The Truth About Cars » Spyker The Truth About Cars is dedicated to providing candid, unbiased automobile reviews and the latest in auto industry news. Wed, 23 Jul 2014 18:25:17 +0000 en-US hourly 1 The Truth About Cars is dedicated to providing candid, unbiased automobile reviews and the latest in auto industry news. The Truth About Cars no The Truth About Cars (The Truth About Cars) 2006-2009 The Truth About Cars The Truth About Cars is dedicated to providing candid, unbiased automobile reviews and the latest in auto industry news. The Truth About Cars » Spyker U.S. Court Shoots Down Saab Suit Against GM Tue, 11 Jun 2013 12:29:40 +0000

When Spyker sued GM for mucking with Saab’s failed deal with Youngman, and wanted $3 billion for its trouble, TTAC’s resident garage lawyers did not give Spyker big odds.

Yesterday, the suit was thrown out.

A U.S. federal judge said the GM had the right to block the sale of a company using its technology, Reuters reports. Said U.S. District Court Judge Gershwin Drain said in a hearing in Detroit:

“General Motors had a contractual right to approve or disapprove the proposed transaction. The court is going to grant the motion to dismiss the matter.”

Spyker Chief Victor Muller was in the court room. He did not want to say whether he would appeal. “We will be awaiting the written order and then we will assess,” Muller told Reuters.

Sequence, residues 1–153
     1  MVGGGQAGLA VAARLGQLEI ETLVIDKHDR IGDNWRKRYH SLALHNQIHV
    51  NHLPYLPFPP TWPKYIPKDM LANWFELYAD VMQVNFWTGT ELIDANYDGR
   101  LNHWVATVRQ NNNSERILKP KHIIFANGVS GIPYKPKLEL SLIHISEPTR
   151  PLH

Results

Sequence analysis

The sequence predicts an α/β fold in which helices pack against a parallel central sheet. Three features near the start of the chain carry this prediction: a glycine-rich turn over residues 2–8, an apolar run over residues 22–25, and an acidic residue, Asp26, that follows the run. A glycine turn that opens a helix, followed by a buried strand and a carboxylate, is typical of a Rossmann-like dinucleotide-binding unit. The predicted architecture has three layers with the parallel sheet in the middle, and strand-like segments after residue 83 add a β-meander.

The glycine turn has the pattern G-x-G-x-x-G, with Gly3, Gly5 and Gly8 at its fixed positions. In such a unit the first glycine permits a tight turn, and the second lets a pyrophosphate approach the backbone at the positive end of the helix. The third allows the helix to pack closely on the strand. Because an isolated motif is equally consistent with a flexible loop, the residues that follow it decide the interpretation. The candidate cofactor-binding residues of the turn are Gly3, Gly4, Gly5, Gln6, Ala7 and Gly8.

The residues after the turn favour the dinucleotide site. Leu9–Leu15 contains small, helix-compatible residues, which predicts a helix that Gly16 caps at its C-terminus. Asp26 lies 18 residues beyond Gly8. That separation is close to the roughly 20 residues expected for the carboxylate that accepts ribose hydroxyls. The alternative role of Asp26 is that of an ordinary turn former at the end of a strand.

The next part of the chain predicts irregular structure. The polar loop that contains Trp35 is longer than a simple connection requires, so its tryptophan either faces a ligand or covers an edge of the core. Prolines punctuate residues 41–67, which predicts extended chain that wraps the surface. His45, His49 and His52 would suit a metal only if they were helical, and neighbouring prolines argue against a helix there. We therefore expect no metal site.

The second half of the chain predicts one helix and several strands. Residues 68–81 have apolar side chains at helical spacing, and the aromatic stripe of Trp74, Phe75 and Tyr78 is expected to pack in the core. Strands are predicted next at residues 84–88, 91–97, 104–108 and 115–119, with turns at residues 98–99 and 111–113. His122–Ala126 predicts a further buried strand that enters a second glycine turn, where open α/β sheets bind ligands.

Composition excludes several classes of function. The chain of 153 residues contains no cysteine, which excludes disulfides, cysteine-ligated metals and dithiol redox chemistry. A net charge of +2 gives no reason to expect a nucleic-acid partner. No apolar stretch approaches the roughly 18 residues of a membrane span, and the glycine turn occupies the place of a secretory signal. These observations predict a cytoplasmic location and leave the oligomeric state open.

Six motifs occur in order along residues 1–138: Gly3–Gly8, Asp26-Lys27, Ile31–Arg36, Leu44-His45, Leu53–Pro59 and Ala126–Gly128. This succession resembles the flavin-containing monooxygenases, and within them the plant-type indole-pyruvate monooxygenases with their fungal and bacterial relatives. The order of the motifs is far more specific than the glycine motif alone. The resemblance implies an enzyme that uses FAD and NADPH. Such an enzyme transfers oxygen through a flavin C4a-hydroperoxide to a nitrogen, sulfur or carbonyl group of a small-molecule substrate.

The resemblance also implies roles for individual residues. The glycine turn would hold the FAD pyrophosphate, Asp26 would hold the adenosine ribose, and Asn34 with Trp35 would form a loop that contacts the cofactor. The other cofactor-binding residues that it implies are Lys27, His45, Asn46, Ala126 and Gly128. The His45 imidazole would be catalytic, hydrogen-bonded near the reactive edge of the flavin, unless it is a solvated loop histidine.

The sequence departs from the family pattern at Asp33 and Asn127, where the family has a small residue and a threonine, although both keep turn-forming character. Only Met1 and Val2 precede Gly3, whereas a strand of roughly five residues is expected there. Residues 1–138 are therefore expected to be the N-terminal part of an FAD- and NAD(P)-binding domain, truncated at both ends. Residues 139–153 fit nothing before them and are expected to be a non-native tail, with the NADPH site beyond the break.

The allegedly aggrieved entity was Saab and not Spyker. Saab went bankrupt, and its assets were bought by a murky Chinese entity. Spyker acquired the rights to sue GM. As usual, Muller did not use his own money. Back then, a Spyker press release said:

“Spyker has secured the financial backing required to see the lawsuit through to the end from a third party investor.”

More money down the drain.

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Tax Saabotage: Muller And Saab Board (=Muller) Target Of Swedish Government, Paper Says Thu, 30 May 2013 12:17:13 +0000 Victor Muller - Picture courtesy

Despite Victor Muller’s assurances that he is innocent, that he has not been accused of any crime, and that Sweden’s Economic Crime Authority most likely only wants to invite him for a friendly chat, Sweden’s  Göteborgs-Posten thinks it knows who is the target of the investigation:  Victor Muller, and Saab’s board. In the end, Victor Muller was alone on board.  Says the paper: